Neglecting c-axis strain, the applied strains can be resolved into isotropic dilatation (ε_{xx} = ε_{yy}) and volume-preserving anisotropic distortion (ε_{xx} = –ε_{yy} for ε_{100}, and ε_{xx} = ε_{yy} = 0, ε_{xy} ≠ 0 for ε_{110}) (30). The in-plane Poisson’s ratio for Sr_{2}RuO_{4} is ≈0.40 (29, 31), so for both ε_{100} and ε_{110}, ~30% of the longitudinal strain is dilatation, and ~70% is volume-preserving distortion. Dilatation will, in general, give a ε-linear response for small strains about zero, but under tetragonal crystal symmetry the volume-preserving distortion must give a symmetric response. It seems clear that the dominant effect of strains is through dilatation and of strains through the volume-preserving distortion. Small variations about have a large effect: A 2.5° change in the angle of cut increased the symmetric component of the response considerably, probably by mixing in a small ε_{100} component to the strain (fig. S3).
A key question is the lack of the expected cusp near zero strain. At |ε_{100}| < 0.03%, T_{c}(ε) and dT_{c}/dε are essentially flat, then T_{c} rises strongly at larger strains. Both of these features remain essentially unchanged when the excitation field is varied (fig. S4). As emphasized by the dT_{c}/dε data in Fig. 2E, the increase of T_{c} beyond 0.03% strain is quadratic in strain, not linear. The precise low-strain form of T_{c}(ε_{100}) may be affected by inhomogeneity and requires further investigation, but the strong increase in T_{c} at larger strains is unambiguous, and this is where we wish to focus our attention.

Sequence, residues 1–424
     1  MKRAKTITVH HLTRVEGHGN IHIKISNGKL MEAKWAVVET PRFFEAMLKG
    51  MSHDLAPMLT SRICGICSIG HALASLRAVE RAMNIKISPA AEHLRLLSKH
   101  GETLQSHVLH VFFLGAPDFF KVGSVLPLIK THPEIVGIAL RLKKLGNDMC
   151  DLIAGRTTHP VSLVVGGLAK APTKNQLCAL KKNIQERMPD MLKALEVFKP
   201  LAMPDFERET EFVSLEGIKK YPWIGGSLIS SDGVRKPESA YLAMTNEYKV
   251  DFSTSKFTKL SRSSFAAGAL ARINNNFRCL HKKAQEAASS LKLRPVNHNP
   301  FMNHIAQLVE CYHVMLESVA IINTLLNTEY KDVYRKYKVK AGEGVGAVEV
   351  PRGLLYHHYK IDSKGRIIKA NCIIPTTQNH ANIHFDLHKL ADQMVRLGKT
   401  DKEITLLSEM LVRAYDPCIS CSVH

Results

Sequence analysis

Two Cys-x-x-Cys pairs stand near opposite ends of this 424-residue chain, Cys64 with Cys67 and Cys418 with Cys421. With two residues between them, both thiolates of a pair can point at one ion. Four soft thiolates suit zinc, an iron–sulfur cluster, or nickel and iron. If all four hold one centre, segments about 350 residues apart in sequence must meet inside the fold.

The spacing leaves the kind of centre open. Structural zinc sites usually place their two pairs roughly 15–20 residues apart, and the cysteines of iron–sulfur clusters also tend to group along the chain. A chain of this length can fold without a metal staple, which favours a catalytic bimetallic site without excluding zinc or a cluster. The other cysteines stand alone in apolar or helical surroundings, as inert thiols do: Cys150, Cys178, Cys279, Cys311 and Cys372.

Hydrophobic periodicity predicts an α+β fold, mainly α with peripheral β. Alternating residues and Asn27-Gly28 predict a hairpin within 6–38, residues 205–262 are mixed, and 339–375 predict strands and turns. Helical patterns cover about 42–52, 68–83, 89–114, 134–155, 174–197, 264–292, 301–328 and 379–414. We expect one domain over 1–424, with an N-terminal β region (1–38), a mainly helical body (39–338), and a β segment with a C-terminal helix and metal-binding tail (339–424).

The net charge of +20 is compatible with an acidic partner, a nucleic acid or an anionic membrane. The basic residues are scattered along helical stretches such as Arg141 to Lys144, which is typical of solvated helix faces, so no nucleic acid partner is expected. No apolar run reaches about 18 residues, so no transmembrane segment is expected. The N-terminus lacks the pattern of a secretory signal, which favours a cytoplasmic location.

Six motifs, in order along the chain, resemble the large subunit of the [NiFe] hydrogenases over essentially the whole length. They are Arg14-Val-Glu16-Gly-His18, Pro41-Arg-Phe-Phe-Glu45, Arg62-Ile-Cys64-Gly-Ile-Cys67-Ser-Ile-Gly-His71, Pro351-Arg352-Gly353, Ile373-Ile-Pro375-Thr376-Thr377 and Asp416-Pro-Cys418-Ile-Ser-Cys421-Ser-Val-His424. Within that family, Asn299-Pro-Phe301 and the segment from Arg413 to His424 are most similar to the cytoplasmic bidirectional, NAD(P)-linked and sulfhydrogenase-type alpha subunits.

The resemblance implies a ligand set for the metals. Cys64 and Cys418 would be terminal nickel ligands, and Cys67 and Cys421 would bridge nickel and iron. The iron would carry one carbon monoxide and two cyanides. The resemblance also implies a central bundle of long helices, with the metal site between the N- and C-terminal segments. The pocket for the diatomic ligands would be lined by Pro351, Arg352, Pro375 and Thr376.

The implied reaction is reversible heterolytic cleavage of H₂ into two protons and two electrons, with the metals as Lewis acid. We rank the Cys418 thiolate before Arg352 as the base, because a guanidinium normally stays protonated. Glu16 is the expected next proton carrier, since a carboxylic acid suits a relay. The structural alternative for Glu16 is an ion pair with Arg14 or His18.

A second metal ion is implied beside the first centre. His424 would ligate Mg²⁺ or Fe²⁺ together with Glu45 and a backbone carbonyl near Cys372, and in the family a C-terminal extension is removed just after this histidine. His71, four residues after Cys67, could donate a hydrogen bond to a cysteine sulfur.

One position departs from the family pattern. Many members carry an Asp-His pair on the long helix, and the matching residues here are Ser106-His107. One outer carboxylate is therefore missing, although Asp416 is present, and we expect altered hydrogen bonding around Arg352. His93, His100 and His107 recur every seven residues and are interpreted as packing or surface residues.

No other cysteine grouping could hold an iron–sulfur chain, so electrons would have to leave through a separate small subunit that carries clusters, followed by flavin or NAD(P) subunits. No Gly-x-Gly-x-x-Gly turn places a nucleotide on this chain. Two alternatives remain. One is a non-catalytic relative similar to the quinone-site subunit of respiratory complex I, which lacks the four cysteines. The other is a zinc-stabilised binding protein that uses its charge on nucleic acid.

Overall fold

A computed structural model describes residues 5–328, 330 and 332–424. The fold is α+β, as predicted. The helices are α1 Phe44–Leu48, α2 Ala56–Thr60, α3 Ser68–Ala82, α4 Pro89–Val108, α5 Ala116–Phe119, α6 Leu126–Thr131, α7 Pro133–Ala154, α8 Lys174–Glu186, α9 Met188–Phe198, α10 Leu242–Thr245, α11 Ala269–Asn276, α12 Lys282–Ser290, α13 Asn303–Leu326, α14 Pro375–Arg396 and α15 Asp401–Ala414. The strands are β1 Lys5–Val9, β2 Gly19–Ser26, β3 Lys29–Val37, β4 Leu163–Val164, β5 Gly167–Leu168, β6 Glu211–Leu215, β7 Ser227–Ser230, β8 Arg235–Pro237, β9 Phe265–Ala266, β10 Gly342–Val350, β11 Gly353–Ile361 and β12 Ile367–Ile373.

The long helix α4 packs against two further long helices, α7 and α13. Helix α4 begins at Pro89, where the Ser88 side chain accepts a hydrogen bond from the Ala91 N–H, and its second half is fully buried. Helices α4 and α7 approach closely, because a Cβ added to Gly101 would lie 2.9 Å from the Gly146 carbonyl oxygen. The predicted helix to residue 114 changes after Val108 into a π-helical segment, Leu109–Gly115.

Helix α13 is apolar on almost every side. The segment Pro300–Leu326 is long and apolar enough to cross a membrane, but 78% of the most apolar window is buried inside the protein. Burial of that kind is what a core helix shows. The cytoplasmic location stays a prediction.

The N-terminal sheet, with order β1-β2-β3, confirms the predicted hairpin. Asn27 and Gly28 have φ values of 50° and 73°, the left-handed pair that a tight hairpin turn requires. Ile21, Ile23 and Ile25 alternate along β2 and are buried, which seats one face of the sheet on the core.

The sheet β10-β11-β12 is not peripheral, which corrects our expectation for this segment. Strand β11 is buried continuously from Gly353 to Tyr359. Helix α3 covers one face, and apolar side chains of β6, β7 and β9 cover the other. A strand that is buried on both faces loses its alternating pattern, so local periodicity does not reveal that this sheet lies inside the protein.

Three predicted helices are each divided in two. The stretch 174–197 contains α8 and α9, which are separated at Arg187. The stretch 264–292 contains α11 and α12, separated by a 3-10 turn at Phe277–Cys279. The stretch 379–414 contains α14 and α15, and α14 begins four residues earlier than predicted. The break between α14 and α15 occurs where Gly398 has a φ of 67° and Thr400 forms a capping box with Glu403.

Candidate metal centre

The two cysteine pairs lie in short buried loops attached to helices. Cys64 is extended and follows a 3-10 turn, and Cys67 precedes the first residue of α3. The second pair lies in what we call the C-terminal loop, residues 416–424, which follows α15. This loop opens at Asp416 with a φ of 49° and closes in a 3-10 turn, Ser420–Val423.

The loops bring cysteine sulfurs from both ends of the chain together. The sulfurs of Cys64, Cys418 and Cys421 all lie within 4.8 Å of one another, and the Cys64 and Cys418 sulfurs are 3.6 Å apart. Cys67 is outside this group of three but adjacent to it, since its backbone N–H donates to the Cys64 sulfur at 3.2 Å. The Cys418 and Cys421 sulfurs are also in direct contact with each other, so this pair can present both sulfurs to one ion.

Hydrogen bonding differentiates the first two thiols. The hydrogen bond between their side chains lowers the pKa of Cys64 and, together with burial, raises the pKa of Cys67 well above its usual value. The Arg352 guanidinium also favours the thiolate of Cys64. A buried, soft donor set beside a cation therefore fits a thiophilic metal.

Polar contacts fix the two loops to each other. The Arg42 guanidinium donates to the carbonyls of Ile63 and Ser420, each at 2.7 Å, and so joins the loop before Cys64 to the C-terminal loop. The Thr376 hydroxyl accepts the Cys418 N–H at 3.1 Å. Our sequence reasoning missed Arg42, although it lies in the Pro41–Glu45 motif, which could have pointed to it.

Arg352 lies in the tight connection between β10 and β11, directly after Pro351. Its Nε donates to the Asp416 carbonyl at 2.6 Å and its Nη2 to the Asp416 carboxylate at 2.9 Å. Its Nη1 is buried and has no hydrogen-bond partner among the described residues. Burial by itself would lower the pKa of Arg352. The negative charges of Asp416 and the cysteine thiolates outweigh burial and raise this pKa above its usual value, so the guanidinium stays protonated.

A quadratic form can result from strain-induced mixture of near-degenerate order parameters. The tetragonal crystal symmetry and strong response to strain suggest s- and -wave orders, but these would be in conflict with both triplet pairing and time-reversal symmetry breaking at T_{c} and, thus, are unlikely. Another possibility is that sketched in Fig. 3A: that Sr_{2}RuO_{4} at ε = 0 does, in fact, have degenerate order parameters, but the cusp appears on top of a strong underlying strain response and is too small to be resolved in the present data.
To gain further insight, we used the Wien2k package (32) to calculate the electronic structure in the presence of strain; the Fermi surfaces for ε_{100} and ε_{110} = ±0.5% are shown in Fig. 3, B and C. For each strain, the lattice parameters were set according to the applied strain and the in- and out-of-plane Poisson’s ratios. The Fermi surfaces are altered more dramatically by than strains, a result supported by ultrasound data: Above T_{c}, sound waves that generate xx and yy strains are damped much more than waves generating xy strains (33).
The shifting Fermi surfaces will alter T_{c}. With p_{x} ± ip_{y} order, a strong cusp is expected when the longitudinal and transverse responses to strain are very different. In Sr_{2}RuO_{4}, this occurs most clearly on the {100} sections of the γ sheet, near the van Hove points: Under strains, the Fermi surface and, correspondingly, the density of states change rapidly and oppositely on the (100) and (010) sections. If the superconducting gap were dominated by these sections of Fermi surface, a large cusp would be expected. Based on our structure calculations, we estimate that dT_{c}/dε_{100} would jump by several kelvin per percent across the cusp (29), which would have been easily observable.